8 common travel scams holidaymakers should look out for

Don’t put all your valuables, such as your bank cards, in one bag that can easily be snatched from you. Picture: Pexels

Don’t put all your valuables, such as your bank cards, in one bag that can easily be snatched from you. Picture: Pexels

Published Apr 28, 2023


Panache Cruises, the UK’s primary provider of luxury cruises, has cautioned British travellers to be cautious about prevalent travel scams this summer.

The experts have listed eight typical swindles and offered recommendations on how tourists can protect themselves.

James Cole, founder and managing director of luxury cruise specialists Panache Cruises, said: “Some people believe that only naive tourists are taken advantage of when travelling, but as con artists get more cunning, even the most experienced travellers can become victims of their schemes.

Therefore, he suggests that you familiarise yourself with some of the most prevalent travel scams, allowing you to learn from the mistakes of others and identify when you are being deceived.

Here are Panache Cruises’ eight common travel scams holidaymakers should look out for:

Picture: Pexels

1. Taxi overcharging

Never agree to start a ride if the driver tells you the meter is broken, as you’ll just end up getting wildly overcharged. Make sure to keep an eye on the meter while you’re driving, and if you suspect it is going up faster than usual, just ask them to pull over and get out.

It’s useful to ask about the average taxi fares from the hotel, use an official taxi provider, and if they’re not using a meter, make sure you agree on a fare before hiring the driver.

2. Bump and grab

The easiest way to steal someone’s valuables is to create a diversion so they can be caught off guard. One of the most common pickpocketing tactics is the “bump and go” method, where one of the thieves pretends to accidentally bump into you while the accomplice picks your pocket when you’re distracted.

This is especially likely to happen in busy, bustling areas like tourist attractions and train stations. Instead of carrying a big bag with all your valuables in it, opt for a discreet money belt worn underneath your clothes. It’s also a good idea to make sure you have copies of important travel documents.

3. Vehicle hire scams

Be careful when renting a car, motorcycle or a jet ski, as the owners can blame you for damage you didn’t cause. They may even take your passport as a guarantee and threaten to keep it if you don’t pay for expensive repairs.

Before taking a vehicle for a drive, make sure to photograph and video it to document its condition, to avoid being blamed for something you didn’t do.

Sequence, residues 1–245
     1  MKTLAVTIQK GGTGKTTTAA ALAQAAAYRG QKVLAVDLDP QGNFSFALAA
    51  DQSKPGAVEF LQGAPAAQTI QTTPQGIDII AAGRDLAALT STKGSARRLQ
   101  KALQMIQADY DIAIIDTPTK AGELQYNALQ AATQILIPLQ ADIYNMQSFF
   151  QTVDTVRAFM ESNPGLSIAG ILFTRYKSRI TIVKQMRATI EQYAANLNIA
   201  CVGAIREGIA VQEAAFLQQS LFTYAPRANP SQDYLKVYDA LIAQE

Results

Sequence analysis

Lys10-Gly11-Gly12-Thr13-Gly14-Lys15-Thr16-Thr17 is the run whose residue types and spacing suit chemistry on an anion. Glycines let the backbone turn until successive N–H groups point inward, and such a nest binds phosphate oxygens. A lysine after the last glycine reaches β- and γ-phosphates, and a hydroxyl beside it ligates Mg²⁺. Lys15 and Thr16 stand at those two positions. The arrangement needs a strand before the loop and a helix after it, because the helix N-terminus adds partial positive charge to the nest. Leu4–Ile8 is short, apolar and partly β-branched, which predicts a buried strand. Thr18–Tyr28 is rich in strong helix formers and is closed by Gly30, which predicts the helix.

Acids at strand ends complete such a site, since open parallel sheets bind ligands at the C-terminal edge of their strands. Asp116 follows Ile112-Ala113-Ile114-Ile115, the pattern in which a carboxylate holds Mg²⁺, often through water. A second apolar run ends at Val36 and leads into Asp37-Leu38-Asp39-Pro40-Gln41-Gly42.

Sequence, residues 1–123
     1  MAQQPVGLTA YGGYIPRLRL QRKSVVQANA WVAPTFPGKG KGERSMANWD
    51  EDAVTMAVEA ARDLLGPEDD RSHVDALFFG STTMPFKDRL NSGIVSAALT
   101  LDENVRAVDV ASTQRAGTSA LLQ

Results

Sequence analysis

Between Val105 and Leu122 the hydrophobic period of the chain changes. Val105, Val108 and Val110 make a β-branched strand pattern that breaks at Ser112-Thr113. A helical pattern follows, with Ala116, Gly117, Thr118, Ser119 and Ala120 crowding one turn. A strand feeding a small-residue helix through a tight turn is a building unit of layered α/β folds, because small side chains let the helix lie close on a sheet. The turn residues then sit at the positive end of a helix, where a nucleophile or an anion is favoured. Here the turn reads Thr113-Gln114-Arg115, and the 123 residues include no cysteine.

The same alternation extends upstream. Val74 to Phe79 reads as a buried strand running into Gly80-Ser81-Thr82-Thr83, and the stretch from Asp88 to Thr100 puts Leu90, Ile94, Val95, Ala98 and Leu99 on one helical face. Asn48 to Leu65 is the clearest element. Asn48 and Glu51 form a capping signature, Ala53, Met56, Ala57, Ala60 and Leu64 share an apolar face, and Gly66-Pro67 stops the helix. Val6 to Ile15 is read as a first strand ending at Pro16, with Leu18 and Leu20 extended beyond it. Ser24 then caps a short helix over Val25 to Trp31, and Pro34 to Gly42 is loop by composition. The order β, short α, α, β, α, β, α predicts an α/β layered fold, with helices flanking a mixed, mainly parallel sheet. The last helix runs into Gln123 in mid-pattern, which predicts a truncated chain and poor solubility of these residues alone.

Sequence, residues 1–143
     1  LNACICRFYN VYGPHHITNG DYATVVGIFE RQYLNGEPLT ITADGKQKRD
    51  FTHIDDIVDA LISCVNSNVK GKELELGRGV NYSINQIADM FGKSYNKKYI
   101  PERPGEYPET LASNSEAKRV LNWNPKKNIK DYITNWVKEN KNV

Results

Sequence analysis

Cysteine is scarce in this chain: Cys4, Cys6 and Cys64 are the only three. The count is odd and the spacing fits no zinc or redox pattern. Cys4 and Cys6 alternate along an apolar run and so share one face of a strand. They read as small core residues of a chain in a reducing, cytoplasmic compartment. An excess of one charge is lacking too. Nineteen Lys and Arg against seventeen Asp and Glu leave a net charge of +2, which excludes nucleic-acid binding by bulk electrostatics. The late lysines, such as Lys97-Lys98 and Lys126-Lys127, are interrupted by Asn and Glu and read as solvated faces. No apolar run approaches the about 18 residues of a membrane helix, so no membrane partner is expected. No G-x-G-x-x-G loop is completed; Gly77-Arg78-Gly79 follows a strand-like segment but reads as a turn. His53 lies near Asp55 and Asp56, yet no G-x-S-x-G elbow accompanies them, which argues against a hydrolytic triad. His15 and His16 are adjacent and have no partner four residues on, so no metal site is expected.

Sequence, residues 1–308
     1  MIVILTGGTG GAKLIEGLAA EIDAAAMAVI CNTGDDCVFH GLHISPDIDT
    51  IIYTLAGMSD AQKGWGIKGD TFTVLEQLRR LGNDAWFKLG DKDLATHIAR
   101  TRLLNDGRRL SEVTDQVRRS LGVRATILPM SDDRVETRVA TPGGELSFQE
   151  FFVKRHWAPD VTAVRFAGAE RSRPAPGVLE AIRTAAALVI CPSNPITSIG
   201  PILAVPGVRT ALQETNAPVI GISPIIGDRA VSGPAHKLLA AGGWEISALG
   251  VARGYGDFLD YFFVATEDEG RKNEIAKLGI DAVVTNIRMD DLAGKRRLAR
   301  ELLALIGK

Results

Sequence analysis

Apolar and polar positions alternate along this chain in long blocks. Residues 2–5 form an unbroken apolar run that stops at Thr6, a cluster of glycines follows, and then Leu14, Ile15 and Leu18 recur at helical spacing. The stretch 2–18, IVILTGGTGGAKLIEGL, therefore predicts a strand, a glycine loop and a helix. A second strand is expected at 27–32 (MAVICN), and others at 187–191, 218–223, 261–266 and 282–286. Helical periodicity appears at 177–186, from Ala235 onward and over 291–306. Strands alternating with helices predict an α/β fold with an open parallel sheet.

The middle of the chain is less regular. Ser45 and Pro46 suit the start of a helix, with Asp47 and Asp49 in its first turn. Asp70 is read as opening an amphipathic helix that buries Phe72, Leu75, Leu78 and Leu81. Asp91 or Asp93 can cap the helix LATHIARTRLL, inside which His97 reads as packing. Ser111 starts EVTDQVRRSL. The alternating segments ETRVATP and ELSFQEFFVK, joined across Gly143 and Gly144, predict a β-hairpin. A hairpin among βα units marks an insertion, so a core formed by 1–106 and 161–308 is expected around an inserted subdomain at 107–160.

4. Wrong change

If you’re in a country whose currency you are not familiar with, watch out for vendors who try to trick customers by returning less change to them than they are due. Before any transaction, make sure to calculate how much money you should get back and take the time to count the change.

5. Closed hotel or attraction

Certain reliable taxi drivers receive commission by directing tourists to local establishments. They may deceive you by claiming that your preferred destination is closed or full, and suggest a pricier and inferior alternative. In such cases, insist on visiting your original choice, as if it were closed or full you wouldn't have been able to book it.

6. Free bracelets

When you visit big cities in Europe, you can expect to encounter scammers who offer to braid you a free friendship bracelet. Before you know it, the bracelet around your wrist. They’ll cause a scene if you refuse to pay, which makes polite tourists feel forced to pay to avoid the embarrassment. Don’t get fooled by “free” offers.

Picture: Pexels

7. ATM scams

Local con artists frequently use credit-card skimming to target tourists. Always be careful when someone approaches you at an ATM.

They usually pretend they’re helping you to avoid local bank fees, but in reality they want to use a card-skimmer device to get your card details. They often have an accomplice waiting in the ATM queue who will encourage you to do what the scammer says.

8. Tipping scams

Some restaurants, especially in the US, offer customers suggested tip options on their bill. Make sure to do your own maths and check that the percentage has been calculated correctly. Some businesses try to scam tourists by hoping they won’t notice they’ve been overcharged on the tip.

In some places it’s also common to already include the service charge on the bill. They usually don’t mention it, which leaves room for double-tipping for tourists who fail to check their bill.

“Besides doing research before the trip, you should always make sure to keep your valuables close to your body and be cautious with overly friendly locals who are trying to gain your trust to lure you into a scam.

“If anything seems suspicious and too good to be true, then trust your instincts, because it’s better to be safe than sorry,” Cole concludes.

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